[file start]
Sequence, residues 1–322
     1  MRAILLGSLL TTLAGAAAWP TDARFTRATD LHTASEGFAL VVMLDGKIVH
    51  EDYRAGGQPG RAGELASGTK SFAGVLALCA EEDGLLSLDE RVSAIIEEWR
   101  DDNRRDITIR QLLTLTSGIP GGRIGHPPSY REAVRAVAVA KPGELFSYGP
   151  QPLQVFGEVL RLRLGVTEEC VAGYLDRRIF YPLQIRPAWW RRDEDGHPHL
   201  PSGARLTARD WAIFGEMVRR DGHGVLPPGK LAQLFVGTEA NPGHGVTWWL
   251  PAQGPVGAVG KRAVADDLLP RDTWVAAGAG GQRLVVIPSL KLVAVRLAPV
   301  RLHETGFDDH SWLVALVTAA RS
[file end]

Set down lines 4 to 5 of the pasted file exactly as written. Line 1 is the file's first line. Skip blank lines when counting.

   101  DDNRRDITIR QLLTLTSGIP GGRIGHPPSY REAVRAVAVA KPGELFSYGP
   151  QPLQVFGEVL RLRLGVTEEC VAGYLDRRIF YPLQIRPAWW RRDEDGHPHL